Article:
Equality of opportunity, not of outcomes; it’s the classic free enterprise backbone of Liberal philosophy. So attacking Bill Shorten’s politics-of-envy declaration that ‘Tackling rising inequality will be a defining mission’ for a future Labor government should have been straightforward. Instead, Scott Morrison relied on a contestable survey that showed no evidence of rising inequality this century to claim that ‘income inequality has actually got better’. That was instead of simply defending the principle of inequality of reward for unequal contributions to the growth of the nation’s wealth. As a Treasury study recently noted, ‘Rising income inequality cannot be labelled good or bad; an upward trend in income inequality since the mid-1990s has coincided with sustained economic growth’. And the OECD reported that while the latest decade brought a 40 per cent rise in income for the top 20 per cent of households, the bottom 20 per cent also benefited at 25 per cent, as economic growth pulled wage-earning households further ahead of those reliant on government support.
Morrison’s wrong choice of weapon was underlined when Reserve Bank governor Philip Lowe received extensive media cover for speedily disagreeing with him, telling a seminar that income inequality has ‘drifted up a little bit, but not very much’ while wealth inequality had become more pronounced due to big gains in prices of assets held by ‘wealthy people’. What Lowe failed to mention was that an RBA study rejected both income and wealth as measures of inequality. It found that ‘Consumption is a more appropriate measure of household well-being’ as ‘income will overstate the level of inequality’. It concluded that consumption inequality is lower, having risen by less since the 1990s. But as the study excludes ‘consumption of government goods, social transfers in kind, such as government-funded goods and services like education and health care… it tends to overstate the level of economic inequality’. Low-income households also benefit from jobs growth and low levels of unemployment through reducing the proportion of jobless households.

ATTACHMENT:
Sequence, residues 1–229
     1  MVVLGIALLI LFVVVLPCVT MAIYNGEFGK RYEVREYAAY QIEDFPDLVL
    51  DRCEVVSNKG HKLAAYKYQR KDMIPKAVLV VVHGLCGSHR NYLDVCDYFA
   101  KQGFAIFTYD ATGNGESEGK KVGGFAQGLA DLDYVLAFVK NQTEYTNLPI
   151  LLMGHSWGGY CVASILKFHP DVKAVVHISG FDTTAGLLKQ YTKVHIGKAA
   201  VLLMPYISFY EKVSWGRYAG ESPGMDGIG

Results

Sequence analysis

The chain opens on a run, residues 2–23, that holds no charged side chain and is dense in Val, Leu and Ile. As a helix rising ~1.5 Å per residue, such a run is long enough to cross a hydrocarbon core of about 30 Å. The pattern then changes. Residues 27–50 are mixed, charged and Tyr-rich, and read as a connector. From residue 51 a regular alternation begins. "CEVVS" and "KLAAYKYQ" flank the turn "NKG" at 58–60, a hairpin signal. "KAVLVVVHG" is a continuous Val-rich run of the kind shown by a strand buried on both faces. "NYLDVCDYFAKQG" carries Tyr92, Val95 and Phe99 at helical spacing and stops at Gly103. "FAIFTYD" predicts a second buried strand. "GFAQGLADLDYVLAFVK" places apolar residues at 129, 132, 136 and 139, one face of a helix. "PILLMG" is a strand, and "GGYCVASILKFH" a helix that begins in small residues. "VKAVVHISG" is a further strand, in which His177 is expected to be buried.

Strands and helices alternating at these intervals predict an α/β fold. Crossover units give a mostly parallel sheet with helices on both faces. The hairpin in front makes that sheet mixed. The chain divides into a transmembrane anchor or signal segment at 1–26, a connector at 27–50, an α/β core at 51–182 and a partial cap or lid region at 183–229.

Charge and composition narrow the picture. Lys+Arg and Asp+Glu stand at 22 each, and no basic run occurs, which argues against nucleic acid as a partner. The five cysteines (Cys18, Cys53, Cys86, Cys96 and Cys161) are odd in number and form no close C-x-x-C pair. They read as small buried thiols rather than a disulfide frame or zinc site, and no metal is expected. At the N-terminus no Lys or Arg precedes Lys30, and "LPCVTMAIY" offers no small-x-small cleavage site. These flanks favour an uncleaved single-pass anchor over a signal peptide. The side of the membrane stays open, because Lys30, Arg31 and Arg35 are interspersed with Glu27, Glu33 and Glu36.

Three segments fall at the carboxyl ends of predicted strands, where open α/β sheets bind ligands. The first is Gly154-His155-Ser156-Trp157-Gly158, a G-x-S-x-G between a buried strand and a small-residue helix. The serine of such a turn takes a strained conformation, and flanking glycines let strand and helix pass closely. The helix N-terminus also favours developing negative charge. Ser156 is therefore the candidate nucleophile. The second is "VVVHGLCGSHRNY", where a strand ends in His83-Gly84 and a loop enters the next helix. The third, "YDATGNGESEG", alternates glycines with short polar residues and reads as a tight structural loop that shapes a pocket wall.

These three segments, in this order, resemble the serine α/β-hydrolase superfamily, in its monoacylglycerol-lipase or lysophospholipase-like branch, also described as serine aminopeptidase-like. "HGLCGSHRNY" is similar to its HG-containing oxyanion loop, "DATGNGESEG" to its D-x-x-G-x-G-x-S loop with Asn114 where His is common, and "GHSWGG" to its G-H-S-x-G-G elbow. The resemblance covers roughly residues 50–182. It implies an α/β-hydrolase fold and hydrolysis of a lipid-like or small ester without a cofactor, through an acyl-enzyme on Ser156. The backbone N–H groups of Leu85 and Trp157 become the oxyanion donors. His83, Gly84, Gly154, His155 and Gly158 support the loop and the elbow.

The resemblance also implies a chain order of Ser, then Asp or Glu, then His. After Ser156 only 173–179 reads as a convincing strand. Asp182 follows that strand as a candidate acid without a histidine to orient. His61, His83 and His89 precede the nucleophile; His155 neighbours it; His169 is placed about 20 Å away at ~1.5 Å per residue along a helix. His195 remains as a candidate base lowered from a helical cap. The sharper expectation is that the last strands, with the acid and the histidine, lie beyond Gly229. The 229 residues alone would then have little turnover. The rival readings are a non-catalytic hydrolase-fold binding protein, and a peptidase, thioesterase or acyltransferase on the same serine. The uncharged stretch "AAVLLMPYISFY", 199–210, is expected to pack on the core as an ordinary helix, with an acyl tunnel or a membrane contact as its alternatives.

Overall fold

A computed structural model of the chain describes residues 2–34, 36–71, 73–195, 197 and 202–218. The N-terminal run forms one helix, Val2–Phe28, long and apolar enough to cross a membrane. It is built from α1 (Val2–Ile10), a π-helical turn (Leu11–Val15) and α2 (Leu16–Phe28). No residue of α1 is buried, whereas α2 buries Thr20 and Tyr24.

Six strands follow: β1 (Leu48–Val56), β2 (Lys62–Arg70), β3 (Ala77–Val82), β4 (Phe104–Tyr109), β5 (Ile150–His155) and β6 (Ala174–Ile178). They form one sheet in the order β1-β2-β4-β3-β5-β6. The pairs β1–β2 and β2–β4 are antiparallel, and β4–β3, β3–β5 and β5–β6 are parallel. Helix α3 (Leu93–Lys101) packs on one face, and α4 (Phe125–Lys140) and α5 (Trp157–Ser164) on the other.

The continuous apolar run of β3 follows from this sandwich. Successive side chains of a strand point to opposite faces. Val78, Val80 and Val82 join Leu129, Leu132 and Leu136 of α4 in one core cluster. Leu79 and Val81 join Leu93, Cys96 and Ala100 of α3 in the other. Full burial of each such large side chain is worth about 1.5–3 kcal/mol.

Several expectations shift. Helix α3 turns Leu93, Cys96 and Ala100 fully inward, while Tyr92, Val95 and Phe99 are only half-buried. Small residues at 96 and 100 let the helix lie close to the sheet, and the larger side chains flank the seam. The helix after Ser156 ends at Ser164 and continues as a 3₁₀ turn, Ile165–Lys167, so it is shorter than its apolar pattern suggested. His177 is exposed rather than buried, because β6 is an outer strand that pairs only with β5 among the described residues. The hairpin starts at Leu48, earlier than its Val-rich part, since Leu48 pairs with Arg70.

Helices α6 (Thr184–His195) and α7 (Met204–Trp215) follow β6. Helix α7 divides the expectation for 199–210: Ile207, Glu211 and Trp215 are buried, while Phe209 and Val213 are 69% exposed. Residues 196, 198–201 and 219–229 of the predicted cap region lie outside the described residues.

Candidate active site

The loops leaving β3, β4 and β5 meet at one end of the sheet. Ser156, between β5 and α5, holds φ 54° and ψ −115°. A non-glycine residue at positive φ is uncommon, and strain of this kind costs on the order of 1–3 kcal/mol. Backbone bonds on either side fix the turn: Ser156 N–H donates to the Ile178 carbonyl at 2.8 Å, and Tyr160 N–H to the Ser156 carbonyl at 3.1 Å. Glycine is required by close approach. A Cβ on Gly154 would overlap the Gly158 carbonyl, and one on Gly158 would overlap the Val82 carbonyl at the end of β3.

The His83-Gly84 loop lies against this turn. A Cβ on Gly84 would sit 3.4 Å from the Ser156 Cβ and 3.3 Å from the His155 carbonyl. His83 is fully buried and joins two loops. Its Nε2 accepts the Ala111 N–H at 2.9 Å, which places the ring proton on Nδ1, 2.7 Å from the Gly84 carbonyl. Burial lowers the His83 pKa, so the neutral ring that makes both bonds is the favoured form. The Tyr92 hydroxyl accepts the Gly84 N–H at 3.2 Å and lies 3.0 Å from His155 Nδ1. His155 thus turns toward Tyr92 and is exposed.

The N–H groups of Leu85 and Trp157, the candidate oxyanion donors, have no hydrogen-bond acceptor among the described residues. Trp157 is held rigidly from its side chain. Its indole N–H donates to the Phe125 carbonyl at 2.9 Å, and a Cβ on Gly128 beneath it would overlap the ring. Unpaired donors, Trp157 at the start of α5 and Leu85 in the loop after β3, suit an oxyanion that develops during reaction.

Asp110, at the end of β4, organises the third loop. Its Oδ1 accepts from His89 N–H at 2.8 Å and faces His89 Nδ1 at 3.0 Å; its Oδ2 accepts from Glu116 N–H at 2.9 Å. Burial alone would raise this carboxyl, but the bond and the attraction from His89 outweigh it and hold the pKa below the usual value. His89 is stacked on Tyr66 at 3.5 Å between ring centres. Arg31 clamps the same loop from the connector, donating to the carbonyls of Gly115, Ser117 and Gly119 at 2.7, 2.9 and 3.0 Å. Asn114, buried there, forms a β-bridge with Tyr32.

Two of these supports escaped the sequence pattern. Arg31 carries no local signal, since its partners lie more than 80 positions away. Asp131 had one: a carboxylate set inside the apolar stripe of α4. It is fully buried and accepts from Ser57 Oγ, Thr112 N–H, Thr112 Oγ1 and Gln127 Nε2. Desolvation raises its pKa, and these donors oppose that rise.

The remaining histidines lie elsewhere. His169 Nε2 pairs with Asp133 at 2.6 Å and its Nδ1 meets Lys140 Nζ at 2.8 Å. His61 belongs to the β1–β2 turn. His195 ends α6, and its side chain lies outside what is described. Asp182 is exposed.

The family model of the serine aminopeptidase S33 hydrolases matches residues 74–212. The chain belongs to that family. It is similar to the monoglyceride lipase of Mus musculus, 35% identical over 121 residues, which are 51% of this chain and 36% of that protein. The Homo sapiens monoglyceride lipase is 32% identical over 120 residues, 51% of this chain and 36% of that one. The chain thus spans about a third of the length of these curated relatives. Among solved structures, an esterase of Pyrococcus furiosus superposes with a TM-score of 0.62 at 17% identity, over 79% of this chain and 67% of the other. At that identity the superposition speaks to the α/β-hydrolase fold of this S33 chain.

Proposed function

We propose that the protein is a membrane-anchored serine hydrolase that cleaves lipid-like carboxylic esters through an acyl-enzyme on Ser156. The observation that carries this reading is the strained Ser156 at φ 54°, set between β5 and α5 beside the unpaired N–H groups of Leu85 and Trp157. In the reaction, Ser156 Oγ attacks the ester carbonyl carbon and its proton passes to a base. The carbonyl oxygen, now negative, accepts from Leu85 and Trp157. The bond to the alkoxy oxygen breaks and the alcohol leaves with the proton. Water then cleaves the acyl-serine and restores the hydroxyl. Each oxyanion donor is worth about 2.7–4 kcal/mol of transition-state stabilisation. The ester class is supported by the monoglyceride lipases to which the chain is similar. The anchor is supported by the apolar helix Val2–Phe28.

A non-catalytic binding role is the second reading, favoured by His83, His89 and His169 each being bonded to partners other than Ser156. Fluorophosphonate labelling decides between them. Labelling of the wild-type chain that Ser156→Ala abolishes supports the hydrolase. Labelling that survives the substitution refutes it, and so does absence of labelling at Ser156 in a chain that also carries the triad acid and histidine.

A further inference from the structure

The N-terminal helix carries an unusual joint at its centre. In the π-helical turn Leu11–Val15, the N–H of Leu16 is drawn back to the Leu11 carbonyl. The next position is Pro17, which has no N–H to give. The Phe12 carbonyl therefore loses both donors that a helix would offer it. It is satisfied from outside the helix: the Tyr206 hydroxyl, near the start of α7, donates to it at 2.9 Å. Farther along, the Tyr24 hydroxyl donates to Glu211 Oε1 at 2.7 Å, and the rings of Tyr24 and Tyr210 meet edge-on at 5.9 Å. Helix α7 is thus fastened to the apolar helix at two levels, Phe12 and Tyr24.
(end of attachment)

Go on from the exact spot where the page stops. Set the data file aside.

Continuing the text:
So the Morrison-Lowe disagreement provides, in reality, far less respectability to Shorten’s tax-the rich anti-inequality campaign, particularly as Lowe’s call for increased wages to kick the economy along implies further rises in inequality between wage-earning households and government beneficiaries. And the OECD is no fan of the Shorten plan: ‘Simply shifting large amounts of money from high income earners to low income earners through the tax and transfer system is neither an effective nor sustainable way in which to lower income inequality’.
But expect to be inundated with anti-inequality political propaganda from Labor’s widespread allies. ‘Income inequality is worsening in Australia as renters, pensioners and students are feeling the pinch while high earners get pay rises’, was the recent news from the union-controlled ME Bank, despite its financial comfort index actually improving. It is going to be a tough battle. Four years ago, Christine Lagarde accurately linked rising inequality with rising populism, while this year the IMF laments that ‘amid weak growth and rising inequality, popular support for international trade and immigration has eroded’. Dick Smith is betting $1 million on this horse. His campaign to cut immigration could have inequality consequences; while 84 per cent of skilled migrants were in employment five years after arrival, less than one third of our humanitarian intake had jobs. And a University of SA study shows that Australian Muslims have an unemployment rate double the average, despite their much lower labour force participation rate. In Britain, a study has provided the classic example of how bias influences news reporting. To one London broadsheet, the news was that ‘Bangladeshi and Pakistani households have experienced the fastest income growth of any group in the UK this century after an improvement in their pay and employment rates’. But to a newspaper with a different political slant, the news lead was ‘Huge gaps in living standards still exist between households of different ethnicities in Britain, with Bangladeshi and Pakistani incomes more than a third lower than white British households’. Don’t expect an honest political debate about inequality.
Subscribe to The Spectator Australia today for a quality of argument not found in any other publication. Get more Spectator Australia for less – just $20 for 10 issues